A look into the Missing Numbers and the Leaky Pipeline in Canada’s Innovation Agenda
By: Teddy Katz
A group of girls and women all connected to the award-winning summer enrichment and entrepreneurship program SHAD are calling for some drastic changes to help women become leaders in the STEM fields (science, technology, engineering, and math).
They say there are millions of dollars at stake for Canada if not.
They were all part of an expert panel today at the Canadian Science Policy Conference today in Ottawa.
Some of the panelists are still in high school including Emily Cross, who has won Canada-Wide Science Fair Awards for her research. (You can view the panel's slides!)
She says coming from Thunder Bay, it is difficult to find extracurricular STEM programs for youth in general but girls in particular. She says finding equipment to do research is also difficult.
But she says sometimes the worst part is dealing with stigmas and attitudes.
“I went into a hardware store this year for a science project looking for some materials and the attendant actually asked me if I was picking up something for my dad,” Cross says. She adds, “When I told him it was for me, he went and helped another customer.”
Cross’s message from that experience: girls need to know it’s ok and it’s their place too to get dirty. “Sticks and stones won’t break her bones. It can actually encourage her interest in science,” she told the audience.
Others on the panel lamented the lack of role models in STEM and talked about the notion, “if you can’t see it, you can’t be it.”
Bethel Samson is a grade 12 student in Ottawa, an Ethiopian Canadian and aspiring neurosurgeon. But when she was trying to see the path ahead of her and googled “who was the first Canadian female surgeon of colour” she found nothing came up.
“Often what hinders young women and minorities from living up to our full potential is being unable to see what we would like to become,” says Samson.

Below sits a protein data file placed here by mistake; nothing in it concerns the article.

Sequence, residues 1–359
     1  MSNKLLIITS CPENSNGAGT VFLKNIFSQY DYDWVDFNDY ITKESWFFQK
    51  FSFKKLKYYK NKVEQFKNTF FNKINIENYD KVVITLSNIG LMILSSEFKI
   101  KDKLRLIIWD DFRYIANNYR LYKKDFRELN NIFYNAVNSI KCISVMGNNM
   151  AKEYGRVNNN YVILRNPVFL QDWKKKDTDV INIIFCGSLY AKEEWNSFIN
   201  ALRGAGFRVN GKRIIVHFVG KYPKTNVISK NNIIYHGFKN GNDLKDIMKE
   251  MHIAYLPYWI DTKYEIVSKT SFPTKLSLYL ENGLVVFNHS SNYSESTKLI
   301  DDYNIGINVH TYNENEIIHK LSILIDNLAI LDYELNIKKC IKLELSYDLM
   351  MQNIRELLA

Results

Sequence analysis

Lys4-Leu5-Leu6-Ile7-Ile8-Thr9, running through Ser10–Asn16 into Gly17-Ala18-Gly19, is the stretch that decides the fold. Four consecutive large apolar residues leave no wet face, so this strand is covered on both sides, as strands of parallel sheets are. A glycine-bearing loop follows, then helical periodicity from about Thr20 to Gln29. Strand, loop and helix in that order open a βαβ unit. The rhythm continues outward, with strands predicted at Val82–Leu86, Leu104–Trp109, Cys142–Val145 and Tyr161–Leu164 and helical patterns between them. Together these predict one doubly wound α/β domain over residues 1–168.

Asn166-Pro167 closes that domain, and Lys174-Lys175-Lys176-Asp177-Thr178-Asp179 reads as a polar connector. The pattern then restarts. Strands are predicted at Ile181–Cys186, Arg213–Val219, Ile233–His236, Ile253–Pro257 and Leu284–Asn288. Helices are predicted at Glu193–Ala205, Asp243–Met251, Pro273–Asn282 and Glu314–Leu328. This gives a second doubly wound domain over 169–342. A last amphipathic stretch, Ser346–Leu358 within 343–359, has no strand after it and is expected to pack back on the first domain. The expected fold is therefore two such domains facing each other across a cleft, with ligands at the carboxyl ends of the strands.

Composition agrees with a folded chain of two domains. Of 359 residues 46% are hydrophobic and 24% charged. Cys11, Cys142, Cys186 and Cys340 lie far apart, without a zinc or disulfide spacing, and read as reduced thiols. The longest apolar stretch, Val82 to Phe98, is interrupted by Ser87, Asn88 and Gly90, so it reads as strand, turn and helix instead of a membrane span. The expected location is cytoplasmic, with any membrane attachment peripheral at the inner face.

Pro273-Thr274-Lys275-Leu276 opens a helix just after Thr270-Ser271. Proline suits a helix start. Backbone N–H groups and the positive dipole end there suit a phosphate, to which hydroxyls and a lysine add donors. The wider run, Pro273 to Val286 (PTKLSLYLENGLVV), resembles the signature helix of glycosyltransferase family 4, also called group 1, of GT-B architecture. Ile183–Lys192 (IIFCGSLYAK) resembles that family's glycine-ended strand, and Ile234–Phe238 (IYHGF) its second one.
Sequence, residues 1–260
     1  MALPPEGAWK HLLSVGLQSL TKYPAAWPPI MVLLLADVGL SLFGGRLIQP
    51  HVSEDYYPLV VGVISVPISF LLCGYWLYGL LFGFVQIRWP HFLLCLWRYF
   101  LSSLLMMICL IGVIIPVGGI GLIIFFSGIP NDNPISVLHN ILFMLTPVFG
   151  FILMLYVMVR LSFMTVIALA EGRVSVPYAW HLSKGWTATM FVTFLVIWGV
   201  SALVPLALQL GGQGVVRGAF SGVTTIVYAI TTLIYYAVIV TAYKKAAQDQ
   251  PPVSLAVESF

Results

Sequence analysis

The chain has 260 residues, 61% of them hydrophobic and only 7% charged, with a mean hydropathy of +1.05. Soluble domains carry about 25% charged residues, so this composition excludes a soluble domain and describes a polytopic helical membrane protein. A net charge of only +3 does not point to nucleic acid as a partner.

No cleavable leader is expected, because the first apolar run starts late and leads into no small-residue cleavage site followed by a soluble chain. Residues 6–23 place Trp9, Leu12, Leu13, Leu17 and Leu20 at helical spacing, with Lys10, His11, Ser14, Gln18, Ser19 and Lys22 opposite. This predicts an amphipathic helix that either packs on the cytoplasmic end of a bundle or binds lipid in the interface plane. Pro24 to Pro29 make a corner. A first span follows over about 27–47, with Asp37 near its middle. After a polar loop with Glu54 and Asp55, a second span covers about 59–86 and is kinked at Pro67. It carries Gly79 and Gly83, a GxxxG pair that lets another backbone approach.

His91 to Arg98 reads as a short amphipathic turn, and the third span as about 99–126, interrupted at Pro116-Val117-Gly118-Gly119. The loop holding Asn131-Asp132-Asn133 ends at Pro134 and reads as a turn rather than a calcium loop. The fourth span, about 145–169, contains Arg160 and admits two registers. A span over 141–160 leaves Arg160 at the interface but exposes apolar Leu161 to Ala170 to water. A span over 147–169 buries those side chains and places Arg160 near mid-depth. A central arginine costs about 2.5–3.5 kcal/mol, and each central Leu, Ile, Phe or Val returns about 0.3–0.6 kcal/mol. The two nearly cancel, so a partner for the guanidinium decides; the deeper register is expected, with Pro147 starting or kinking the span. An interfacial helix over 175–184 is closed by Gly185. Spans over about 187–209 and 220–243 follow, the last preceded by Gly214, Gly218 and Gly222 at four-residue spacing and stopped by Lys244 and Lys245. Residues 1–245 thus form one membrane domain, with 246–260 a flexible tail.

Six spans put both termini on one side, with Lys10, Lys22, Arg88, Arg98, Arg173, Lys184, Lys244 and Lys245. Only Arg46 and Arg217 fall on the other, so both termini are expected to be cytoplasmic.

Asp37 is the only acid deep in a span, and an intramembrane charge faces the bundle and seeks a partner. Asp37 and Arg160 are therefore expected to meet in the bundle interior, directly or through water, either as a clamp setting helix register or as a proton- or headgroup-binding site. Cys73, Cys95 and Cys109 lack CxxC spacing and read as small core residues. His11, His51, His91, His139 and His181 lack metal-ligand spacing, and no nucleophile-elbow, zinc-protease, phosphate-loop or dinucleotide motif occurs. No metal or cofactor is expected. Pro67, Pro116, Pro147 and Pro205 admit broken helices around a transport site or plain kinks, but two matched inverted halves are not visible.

She knows the same is true for First Nations women, women in rural and remote parts of the country, and women in tech.
Today’s panel in front of policy makers in Ottawa called on the federal government to set up a national mentorship program designed specifically for marginalized groups and incentivizing the hiring of women in STEM related private companies.
The importance of mentorship was on display as well. Winnica Beltrano a second year student at the University of Calgary in Health and Biomedical Science has won multiple awards including the Terry Fox Humanitarian Award Scholar.
She says that came as a result of going to SHAD and shortly after receiving an internship in the lab of Melanie Martin, a Physics Professor at the University of Winnipeg who also went to SHAD in 1990.
“That gave me enormous confidence and showed me what was possible,” Beltrano says. After that, Dr. Martin encouraged me to apply for different research awards which I did. Girls need to know these awards exist and have the confidence they sometimes lack to go for them.”
Martin also now runs the University of Winnipeg’s Magnetic Resonance Microscopy Centre. Through her research, she is aiming to help diagnose Alzheimer’s, multiple sclerosis, and a range of other diseases faster and more accurately.
But when she looks ahead to the future right now for promising youth such as Beltrano, Martin is quick to say things need to change.
“There used to be a large number of grants and scholarships that helped women like me progress in STEM and stick it out to become professors. All of those grants have now gone by the wayside,” Martin says. “If we are truly interested in showing women they have a place in science and tech and can reach for the top in STEM, we need to reinstate these grants right away.”
Another panel member Paulina Cameron is a Director at Futurpreneur Canada that helps start-up entrepreneurs. She says while Canada is often seen as a global leader in women’s equality, a small percentage of venture capital goes to women and there are few female CEO’s.
Worst still Cameron says women will likely leave the country looking for opportunities if something isn’t done and there is a bigger cost.
She points to a recent study by McKinsey and Company that concluded that Canada could add $150 billion in incremental Gross Domestic Product in 2026 by advancing women’s equality.
“This isn’t just good economics, encouraging women to reach their potential means more life changing companies and innovations. “ She says, “How could we not put everything we have behind this.”